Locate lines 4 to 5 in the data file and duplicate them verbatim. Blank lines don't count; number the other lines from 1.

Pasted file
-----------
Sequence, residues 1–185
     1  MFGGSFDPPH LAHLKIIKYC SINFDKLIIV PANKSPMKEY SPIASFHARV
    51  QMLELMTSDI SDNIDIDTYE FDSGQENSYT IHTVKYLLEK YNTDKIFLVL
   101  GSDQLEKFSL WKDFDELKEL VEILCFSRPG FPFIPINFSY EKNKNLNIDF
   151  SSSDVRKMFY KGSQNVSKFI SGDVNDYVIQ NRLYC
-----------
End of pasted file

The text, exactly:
   101  GSDQLEKFSL WKDFDELKEL VEILCFSRPG FPFIPINFSY EKNKNLNIDF
   151  SSSDVRKMFY KGSQNVSKFI SGDVNDYVIQ NRLYC